In ART

Beirut

Selections tours Beirut’s galleries in search of this season’s standout shows

Twofold
Agial Art Gallery
March 31 to April 23

Lebanese artist Carla Salem spent seven years in Japan, earning herself a PhD from Tokyo University for her research into lacquered printing using handmade paper. In Twofold, she explored the possibility of developing a dialogue between Japanese and Arabic calligraphy through a series of fluid, striking compositions in which bold strokes of ink adorned delicate sheets of fine Japanese paper.

The influence of her university professor, prominent Arabic calligrapher Samir El Sayegh, is clearly visible in Salem’s work, in the flexibility and flow of her lines. But Salem has combined her knowledge of Arabic calligraphy and its rigid rules concerning proportions and angles with her knowledge of Japanese calligraphy, papermaking and the use of Maki-e, lacquer made using powdered metals.

Her unique blending of two cultures whose histories with visual art are inextricably tied to language and calligraphy results in a diverse selections of works. Delicate, ethereal and enhanced by the rich textures of the paper she creates, Salem’s abstract calligraphy works are a study in duality and the uniting of two languages and two cultures.

Home Bound
Galerie Janine Rubeiz
April 6 to April 26

London-based Lebanese artist Rasha Kahil has never been afraid to push boundaries in her work. From a large-format publication combining photographs of former lovers with descriptions of their physical and emotional interactions, to a series of nude self-portraits shot during stolen moments in other people’s houses without their knowledge, juxtaposing their private spaces with the privacy of her own body, she has chosen to strip herself and her subjects bare, both literally and metaphorically.

Interested in the ways in which the private body can be made to interact with public spaces, Kahil continued her explorations of the body and territories in Home Bound. The body is imbued with associations linked to its use in popular culture, art history and social constructs, she notes, and her interest lies in disrupting these notions. Her latest solo show juxtaposed bleak landscapes — deserts, bogs and scrubby mountainsides — with intimate portraits of women in the privacy of the home — unguarded, unselfconscious and seemingly unaware of the camera’s gaze. The two sets of photographs effectively raised questions relating to identity, belonging and the ubiquity of social masks.

Visitors in the Presence of Neutrality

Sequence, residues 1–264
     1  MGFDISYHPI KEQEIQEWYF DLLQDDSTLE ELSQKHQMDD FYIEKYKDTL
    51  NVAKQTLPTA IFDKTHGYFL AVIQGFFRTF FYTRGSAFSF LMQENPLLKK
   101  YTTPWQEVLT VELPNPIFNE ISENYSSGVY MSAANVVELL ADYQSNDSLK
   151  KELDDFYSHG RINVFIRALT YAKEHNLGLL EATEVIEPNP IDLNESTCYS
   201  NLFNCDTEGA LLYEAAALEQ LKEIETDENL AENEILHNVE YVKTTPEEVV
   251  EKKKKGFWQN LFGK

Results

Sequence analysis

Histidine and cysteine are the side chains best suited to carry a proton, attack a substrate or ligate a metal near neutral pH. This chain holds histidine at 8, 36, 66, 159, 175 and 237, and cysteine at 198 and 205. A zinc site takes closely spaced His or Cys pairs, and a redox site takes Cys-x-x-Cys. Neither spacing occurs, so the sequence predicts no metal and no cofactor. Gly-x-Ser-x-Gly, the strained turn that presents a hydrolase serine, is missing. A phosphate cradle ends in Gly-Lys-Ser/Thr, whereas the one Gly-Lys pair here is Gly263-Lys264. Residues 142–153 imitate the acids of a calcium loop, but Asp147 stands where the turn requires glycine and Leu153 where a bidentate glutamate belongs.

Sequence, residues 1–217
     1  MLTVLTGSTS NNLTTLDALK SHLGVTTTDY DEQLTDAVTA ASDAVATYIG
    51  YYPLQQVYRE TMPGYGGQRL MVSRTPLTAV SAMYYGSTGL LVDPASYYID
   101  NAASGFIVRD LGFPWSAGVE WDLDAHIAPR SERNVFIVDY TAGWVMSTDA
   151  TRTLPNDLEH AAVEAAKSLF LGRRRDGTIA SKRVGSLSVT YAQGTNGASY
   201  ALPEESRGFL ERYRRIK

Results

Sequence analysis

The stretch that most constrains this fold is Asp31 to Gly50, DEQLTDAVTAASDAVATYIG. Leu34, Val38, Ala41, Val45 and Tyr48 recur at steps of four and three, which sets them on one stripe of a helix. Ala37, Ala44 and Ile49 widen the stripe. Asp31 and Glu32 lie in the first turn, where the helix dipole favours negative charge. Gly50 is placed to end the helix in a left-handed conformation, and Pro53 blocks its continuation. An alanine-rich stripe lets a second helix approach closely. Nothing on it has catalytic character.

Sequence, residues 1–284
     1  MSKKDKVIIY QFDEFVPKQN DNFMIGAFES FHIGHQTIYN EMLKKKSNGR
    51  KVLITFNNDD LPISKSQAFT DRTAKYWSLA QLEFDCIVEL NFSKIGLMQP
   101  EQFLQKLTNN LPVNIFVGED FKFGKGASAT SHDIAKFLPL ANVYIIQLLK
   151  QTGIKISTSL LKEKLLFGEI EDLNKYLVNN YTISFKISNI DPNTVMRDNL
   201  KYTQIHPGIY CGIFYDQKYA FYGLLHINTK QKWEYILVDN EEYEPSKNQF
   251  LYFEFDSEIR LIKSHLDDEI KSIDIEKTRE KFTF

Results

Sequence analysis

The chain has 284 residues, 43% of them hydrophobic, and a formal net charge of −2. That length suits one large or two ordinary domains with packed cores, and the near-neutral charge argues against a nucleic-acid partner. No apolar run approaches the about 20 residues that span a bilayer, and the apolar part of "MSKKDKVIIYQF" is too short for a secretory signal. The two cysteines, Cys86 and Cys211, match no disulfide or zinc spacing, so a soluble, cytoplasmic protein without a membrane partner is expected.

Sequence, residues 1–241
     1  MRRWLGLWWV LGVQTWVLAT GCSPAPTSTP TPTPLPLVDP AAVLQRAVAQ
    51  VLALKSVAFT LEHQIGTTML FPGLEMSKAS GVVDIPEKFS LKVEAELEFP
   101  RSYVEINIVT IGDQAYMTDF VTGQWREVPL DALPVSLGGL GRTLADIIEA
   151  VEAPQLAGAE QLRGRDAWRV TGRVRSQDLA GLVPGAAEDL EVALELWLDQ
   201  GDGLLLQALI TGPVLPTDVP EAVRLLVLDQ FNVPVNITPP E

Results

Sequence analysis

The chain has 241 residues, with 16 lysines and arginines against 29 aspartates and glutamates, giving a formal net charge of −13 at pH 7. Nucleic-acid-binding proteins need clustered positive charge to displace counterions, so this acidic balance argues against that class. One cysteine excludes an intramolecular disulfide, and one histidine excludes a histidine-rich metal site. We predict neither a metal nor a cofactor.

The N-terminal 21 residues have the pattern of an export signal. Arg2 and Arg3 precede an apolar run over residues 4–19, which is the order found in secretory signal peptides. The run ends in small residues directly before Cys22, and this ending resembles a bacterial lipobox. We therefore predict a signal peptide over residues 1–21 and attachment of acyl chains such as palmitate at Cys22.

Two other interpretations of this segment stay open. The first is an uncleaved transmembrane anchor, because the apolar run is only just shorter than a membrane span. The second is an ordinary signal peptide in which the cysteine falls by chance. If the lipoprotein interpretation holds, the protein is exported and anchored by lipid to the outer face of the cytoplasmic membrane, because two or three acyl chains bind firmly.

Art on 56th
April 27 to May 23

Syrian artist Hasko Hasko’s enduring fascination with nature, animals and ancient Mesopotamian mythology is the focus on his latest solo exhibition. Each of the artist’s paintings contains a narrative for the viewer to unpick from among his tapestry-like compositions.

The paintings on show in Visitors in the Presence of Neutrality are autobiographical. The animals Hasko paints represent his animalistic side, while the houses and barns represent the refinements of society. His simple palette and rough brush stokes evoke the primitive beauty of ancient cave paintings but Hasko’s art brut style evinces the years he spent studying art at the University of Damascus.

The artist notes that since the conflict began in Syria local artists have begun to attract significant international attention for the first time. Hasko himself fled the war for Turkey in 2013, and then risked his life to travel by boat to Europe, eventually reaching Denmark, where he currently lives and works. He steers clear of capturing imagery connected with war and violence in his work, however, instead staying true to his long-term interests to create paintings with a timeless appeal.

After Images
Beirut Exhibition Center
March 1 to 22

It took Ziad Antar six years to put together the work on show in After Images. Inspired by Lebanese historian Kamal Salibi’s writings on the origins of the Bible, Antar began paying regular visits to the Saudi Arabian region of Asir back in 2010. In After Images, Antar explored the idea of myths as historical narrative, in a series of photos accompanied by poetic reconstructions, penned by Saudi writer Yahya Amqassim.

The series continues in the vein of the artist’s earlier work, questioning the nature of photography as a medium and mode of documentation. Each of the photographs on show in After Images was taken with a lens-less camera. The results were divided into two distinct groupings.